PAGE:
More than just pride on the line in part two of the rivalry game

Luke Sloan, Assistant Sports Editor

The stage is set.

Not that the second act of the thrilling Michigan-Michigan State drama needed any more intrigue, but it got it, with the Minnesota Golden Gophers knocking off then-first place Purdue Boilermakers to set up a showdown for a share of the Big Ten regular-season title in East Lansing.

The equation is simple, as the winner of the rivalry showdown will stroll out of the Breslin Center with not just the Big Ten crown, but also the No. 1 seed in the upcoming Big Ten tournament.

MSU head coach Tom Izzo called the matchup the biggest in the history of the Breslin Center, Cassius Winston simply summed up the situation and opportunity as “crazy,” but no matter how one may describe the moment, the second top-10 matchup between these rivals is sure to be memorable.

Act one of the blockbuster hit was stolen by the No. 9 Spartans in upset fashion when they went into Ann Arbor and completed a monumental effort to win 77-70 over No. 7 Michigan. The matchup was only the third rivalry game when both teams were ranked in the top 10 of the Associated Press Top 25 poll, Saturday’s will mark the fourth.

In need of any more intrigue? It’s Senior Night, and emotions will be running high for two of Michigan State’s passionate leaders in Matt McQuaid and Kenny Goins. The game has been flexed to a prime-time tipoff of 8 p.m. and will be nationally televised. Let’s not forget NCAA tournament seeding implications on the line and all the bragging rights that come with a heated rivalry game.

After losing their conference lead with a loss to struggling Indiana last week, this is not how the Spartans envisioned it. Nevertheless they will once again have an opportunity to control their own destiny for a second straight Big Ten regular-season championship, and the No. 1 seed in the conference tournament would make for an optimal package deal.

Here are three keys for the Spartans headed into one of the most exciting Michigan-Michigan State rivalry contests in the 182-game series:

Minutes madness

The likes of Winston, Goins and McQuaid compiled impressive scoring numbers in the first matchup at Michigan, with the star point guard posting 27 points and the two seniors putting up 29 points combined.

The only problem: Winston played the entire 40-minute span of the game, with Goins and McQuaid playing 38 and 37 minutes respectively. Izzo hinted at possible fatigue with Winston after the Nebraska game, bringing up the junior’s lingering tendinitis that has plagued him all season long.

Winston had an uncharacteristic game against the Cornhuskers, only scoring eight points and not making a 3-pointer on the game. He did dish out 10 assists though, acting as more of a distributor due to the inability to get his legs into his jumper or get to the rim with ease.

Scrappy Michigan point guard Zavier Simpson, who many call the “head of the snake” in the Wolverines defense, will look to further wear down Winston on both ends, which he was unable to do in the first game.

Freshman Foster Loyer will need to give the Spartans a handful of productive minutes in order to rest Winston, who will be once again challenged against the best defensive guard in the Big Ten. Winston won the first battle in Ann Arbor, but he will face a more-inspired Simpson and have to operate through fatigue.

Turning to the wings, junior Kyle Ahrens is questionable for Saturday’s game after not appearing against Nebraska. Even if Ahrens is able to play, his minutes will be restricted and he will surely face fatigue as well. Gabe Brown, who only played five minutes at Michigan, will be relied on heavily to potentially fill in again for Ahrens and give Goins and McQuaid rest after high usage in game one.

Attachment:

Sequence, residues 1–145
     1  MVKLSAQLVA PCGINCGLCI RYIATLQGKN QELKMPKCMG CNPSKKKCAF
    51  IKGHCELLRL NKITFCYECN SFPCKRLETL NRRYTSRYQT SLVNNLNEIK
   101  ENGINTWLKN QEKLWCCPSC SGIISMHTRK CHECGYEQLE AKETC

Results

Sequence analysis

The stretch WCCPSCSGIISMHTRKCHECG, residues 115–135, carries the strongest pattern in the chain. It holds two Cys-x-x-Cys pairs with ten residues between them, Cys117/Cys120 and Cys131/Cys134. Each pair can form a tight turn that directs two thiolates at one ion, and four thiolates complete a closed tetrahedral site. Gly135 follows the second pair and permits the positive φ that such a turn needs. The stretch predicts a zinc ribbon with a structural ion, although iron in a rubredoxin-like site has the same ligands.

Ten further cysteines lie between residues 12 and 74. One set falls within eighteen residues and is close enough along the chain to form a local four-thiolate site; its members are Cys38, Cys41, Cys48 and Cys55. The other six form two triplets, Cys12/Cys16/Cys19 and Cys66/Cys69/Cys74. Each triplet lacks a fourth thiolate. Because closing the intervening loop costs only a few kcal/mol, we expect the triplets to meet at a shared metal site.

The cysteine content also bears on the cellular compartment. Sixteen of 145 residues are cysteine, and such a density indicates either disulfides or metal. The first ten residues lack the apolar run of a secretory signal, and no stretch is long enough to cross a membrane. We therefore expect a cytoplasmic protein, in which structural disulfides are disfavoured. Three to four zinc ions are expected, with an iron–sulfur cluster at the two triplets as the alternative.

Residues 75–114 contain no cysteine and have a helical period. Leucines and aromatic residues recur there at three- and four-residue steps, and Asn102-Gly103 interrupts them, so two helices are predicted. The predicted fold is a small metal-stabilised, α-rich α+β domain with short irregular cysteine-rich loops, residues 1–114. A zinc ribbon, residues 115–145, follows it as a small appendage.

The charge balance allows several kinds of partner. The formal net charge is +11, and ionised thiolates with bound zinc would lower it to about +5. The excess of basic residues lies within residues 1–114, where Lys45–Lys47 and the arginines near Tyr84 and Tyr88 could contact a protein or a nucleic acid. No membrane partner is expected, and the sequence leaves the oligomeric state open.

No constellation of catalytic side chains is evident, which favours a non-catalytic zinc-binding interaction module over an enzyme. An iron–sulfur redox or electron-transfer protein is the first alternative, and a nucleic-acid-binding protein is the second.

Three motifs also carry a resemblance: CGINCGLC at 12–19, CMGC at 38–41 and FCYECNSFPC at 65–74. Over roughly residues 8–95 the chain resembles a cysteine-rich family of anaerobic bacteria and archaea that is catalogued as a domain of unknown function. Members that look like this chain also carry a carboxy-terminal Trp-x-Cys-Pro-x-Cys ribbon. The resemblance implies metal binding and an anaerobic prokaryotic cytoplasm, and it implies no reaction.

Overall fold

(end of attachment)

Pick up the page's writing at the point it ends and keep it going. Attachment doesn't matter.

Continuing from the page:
Tethering the turnovers

Michigan State committed a season-low six turnovers in the first game, only surrendering two in the second half. It was a massive x-factor in a victory for a team that struggles with giving up the ball, averaging over 13 turnovers per game.

The Wolverines boast one of the most ferocious defenses in the nation, only allowing 58.3 points per game while forcing 12.2 turnovers per contest. Defensive-minded assistant coach Luke Yaklich will look to bring the pressure and refocus his defense after allowing the Spartans to shoot 50 percent in game one.

Cassius, Cassius, Cassius…

Given that the elite point guard is the leading candidate for Big Ten Player of the Year and an emerging candidate for college player of the year, it’s easy to say that the Spartans must get him going in order to beat their rival for the second game in a row.

But the Wolverines’ ball-screen defense simply couldn’t stop Winston from doing damage in the first game, as he went off for 27 points and eight assists. The game may have been the best passing performance in the college career of Winston, as he made the right reads in the ball-screen game every time and was in complete control for a full 40 minutes.

The one facet Winston struggled with was his 3-point shooting, as he went 0-for-3 from behind the arc due in part to Michigan center Jon Teske forcing him off the 3-point line in the high ball screen. Despite the cold night for the 42-percent shooter from deep, he was able to get involved in a number of other ways to torch the Wolverines.

The Spartans will surely need another gargantuan effort from their star point guard to grab another victory over their rival, who will most definitely come out of the gates with a more team-oriented and intense defensive effort.

You can listen to the 183rd matchup of these two bitter rivals live on the radio in the Lansing area, just tune in to 88.9 FM for what’s widely expected to be one of the best games in college basketball this season.